This page created 6 September 2014, and last modified: 27 October 2015 (Jones reference added)
The last of the ten units of pseudocomitatenses listed (15.35 in Ingo Maier's numbering scheme) as being under the command of the Magister Militum per Orientem in the eastern half of the Empire is called the Transtigritani. Its shield pattern (14#16) as shown in various manuscripts, under the matching label (14.q) Transtigritani, is as below:
The shield pattern is simple, with a white main field (yellow in B), a yellow rim, a yellow boss (red in P, maroon in W), a blue band surrounding the boss, and a blue "pillar" underneath. The pattern is thus similar to several other units in the Magister Militum per Orientem's list: the Prima Italica (15.30), the Quarta Italica (15.31), and the Prima Isaura sagittaria (15.33). However, the basic "keyhole" shape produced by a boss with a "pillar" underneath is a very common motif in the Notitia, so perhaps not too much should be read into these similarities.
The name Transtigritani means "beyond the Tigris"; the unit was presumably either recruited there or had been stationed there before joining the command of the Magister Militum per Orientem. Either way, however, it could have not have stayed long in the command of the Magister Militum per Orientem, as in addition to being the command's last-listed unit, and thus likely the unit that had most recently joined the command, it is also attested in numerous papyri from Egypt over the next 150 or so years, the first of which (SB 14 11574; image here) dates from no later than February 406: a mere decade (or less) since the last update to the eastern section of the Notitia (this particular papyrus states the unit is stationed in the Arsinoite nome there, and concerns the receipt of pickled meat). So the unit must have been been transferred out of the command by the end of 405 at the very latest.
Whether the Transtigritani was a legionary or an auxiliary unit cannot be affirmatively judged by its name alone. However, since of the nine other pseudocomitatenses units in the command, seven would appear to be either certainly legionary or very likely legionary, while the remaining two are most likely to also be legionary, it may well be the men of the Transtigritani were also legionaries.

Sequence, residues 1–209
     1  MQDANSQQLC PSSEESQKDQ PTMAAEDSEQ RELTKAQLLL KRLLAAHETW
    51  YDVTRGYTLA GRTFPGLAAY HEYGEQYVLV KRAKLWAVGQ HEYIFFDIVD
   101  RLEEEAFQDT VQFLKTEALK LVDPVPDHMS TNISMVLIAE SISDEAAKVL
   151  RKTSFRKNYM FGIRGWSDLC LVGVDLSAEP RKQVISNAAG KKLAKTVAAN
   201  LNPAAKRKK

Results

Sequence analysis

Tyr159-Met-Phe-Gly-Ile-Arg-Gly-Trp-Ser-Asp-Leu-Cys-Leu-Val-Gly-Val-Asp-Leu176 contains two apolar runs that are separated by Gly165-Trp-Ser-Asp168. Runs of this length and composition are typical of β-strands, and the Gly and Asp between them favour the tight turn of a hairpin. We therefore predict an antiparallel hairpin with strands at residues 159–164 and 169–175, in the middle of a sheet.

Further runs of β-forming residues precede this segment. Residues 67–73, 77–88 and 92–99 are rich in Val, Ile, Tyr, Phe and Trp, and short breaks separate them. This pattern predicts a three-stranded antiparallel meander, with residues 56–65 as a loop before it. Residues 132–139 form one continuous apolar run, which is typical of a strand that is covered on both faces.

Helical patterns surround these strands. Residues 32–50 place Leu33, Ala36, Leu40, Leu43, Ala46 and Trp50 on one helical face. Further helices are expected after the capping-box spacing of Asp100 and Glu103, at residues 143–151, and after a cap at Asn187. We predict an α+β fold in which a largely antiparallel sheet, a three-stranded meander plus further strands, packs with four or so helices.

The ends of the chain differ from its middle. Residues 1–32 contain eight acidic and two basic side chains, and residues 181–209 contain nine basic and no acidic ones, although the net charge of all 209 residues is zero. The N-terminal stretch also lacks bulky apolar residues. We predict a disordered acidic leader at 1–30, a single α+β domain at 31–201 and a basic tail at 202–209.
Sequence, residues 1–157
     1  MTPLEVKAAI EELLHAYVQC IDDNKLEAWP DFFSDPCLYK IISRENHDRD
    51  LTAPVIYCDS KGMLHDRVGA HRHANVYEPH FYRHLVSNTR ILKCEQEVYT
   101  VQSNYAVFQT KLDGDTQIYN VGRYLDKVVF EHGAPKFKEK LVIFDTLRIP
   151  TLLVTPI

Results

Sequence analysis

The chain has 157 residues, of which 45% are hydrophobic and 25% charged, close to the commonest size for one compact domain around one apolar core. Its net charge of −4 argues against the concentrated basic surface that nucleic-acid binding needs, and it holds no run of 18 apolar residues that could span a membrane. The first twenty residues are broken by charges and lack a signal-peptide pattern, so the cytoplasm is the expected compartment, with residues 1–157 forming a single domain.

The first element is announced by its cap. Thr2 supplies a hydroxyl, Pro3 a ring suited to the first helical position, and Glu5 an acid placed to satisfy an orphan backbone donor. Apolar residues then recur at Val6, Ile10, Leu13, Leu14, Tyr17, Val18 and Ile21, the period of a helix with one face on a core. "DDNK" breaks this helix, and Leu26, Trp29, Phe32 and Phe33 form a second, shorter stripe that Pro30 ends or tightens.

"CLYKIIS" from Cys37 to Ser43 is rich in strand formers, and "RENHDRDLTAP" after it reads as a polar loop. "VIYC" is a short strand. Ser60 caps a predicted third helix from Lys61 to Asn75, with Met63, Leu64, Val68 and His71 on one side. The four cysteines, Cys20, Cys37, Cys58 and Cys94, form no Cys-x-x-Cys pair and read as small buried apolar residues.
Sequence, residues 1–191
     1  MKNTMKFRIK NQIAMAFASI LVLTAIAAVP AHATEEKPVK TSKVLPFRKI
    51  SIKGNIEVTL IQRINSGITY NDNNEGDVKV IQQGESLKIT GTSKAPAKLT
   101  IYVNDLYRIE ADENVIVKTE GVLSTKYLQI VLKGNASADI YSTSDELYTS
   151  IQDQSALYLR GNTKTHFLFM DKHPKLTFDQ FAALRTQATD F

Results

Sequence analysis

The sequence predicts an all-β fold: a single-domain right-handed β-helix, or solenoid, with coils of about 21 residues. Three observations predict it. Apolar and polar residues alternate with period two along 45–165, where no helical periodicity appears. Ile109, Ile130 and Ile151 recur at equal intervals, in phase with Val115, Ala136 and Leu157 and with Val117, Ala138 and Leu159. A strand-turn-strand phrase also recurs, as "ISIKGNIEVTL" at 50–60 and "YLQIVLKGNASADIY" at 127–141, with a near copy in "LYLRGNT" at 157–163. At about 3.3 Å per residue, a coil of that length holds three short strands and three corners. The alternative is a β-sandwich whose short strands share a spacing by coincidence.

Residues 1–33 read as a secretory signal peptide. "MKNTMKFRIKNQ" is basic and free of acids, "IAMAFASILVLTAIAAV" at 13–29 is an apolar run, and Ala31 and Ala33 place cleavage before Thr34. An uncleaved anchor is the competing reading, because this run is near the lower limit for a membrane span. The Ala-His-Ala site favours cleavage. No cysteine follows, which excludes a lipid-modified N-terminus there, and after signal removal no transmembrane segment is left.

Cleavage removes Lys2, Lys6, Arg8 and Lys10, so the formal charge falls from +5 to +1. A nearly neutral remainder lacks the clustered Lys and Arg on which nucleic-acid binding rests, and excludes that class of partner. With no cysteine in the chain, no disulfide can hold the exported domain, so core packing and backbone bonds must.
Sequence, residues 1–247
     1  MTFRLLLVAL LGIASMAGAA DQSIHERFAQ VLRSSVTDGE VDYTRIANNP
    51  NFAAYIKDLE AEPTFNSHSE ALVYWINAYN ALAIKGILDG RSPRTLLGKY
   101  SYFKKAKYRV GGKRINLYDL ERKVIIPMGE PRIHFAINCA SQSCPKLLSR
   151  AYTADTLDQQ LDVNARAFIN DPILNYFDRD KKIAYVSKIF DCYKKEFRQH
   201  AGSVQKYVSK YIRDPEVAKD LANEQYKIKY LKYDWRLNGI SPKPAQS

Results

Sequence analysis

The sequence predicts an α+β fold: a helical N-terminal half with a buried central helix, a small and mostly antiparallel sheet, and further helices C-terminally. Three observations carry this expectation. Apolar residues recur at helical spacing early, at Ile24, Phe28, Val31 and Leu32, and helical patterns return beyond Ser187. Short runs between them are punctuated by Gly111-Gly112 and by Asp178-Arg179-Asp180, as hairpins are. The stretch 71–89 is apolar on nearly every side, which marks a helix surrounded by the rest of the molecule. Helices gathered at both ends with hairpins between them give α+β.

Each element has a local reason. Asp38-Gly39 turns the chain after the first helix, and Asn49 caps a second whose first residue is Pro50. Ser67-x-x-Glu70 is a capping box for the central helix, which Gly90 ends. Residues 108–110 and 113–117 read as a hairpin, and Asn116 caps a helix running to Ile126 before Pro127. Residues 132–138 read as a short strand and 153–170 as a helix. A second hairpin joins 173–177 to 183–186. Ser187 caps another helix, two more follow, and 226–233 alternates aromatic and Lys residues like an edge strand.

Given the unit's name, indicating a station across the Tigris, this would indicate the unit was probably a detachment of Legio II Parthica, since in the Notitia (69.11) this is the only legion deployed so far east as to be on the Tigris itself, at Cefae (Cepha, modern Hasankeyf in Turkey) under the Dux Mesopotamiae. A detachment of Legio VI Parthica is also possible, given that unit was likely deployed at least as far east before joining the field army, as the Sexta Parthica (15.32).
An important 5th-century papyrus (P.CtYBR inv. 3912(A); click here to view) regarding the unit in Egypt records the unit receiving 1335 annonae of rations, implying a strength of perhaps 1100 - 1200 men, allowing for officers having multiple shares (for a discussion, see here). The large size of the unit, if this papyrus is interpreted correctly, also argues for legionary status.
A.H.M.Jones considered the Transtigritani to be a late creation, due to its position at the end of the Magister Militum per Orientem's list, and as having been raised in Armenia after being the area was annexed by Theodosius, as opposed to being withdrawn from the area before Theodosius' reign, and saw it is a replacement unit for the losses sustained over the years, particularly at Adrianople, which he estimated as one-seventh of the eastern comitatus. However, its lowly position to my mind better comports to simply having been withdrawn from the frontier later than e.g. the Sexta Parthica.
1. Ingo Maier; "Appendix 4: Numeration of the new edition of the compilation 'notitia dignitatum' (Cnd)"; last accessed 26 October 2015. See also for here for numbering examples. Return
2. Amin Benaissa; "The Size of the Numerus Transtigritanorum in the Fifth Century"; Zeitschrift fuer Papyrologie und Epigraphik 175 (2010) p 224-226. Return
3. A.H.M. Jones; "The Later Roman Empire, 284-602; A Social, Economic, and Administrative Survey"; Blackwell, Oxford, 1964; vol. 3 of 3, at p 355. Return
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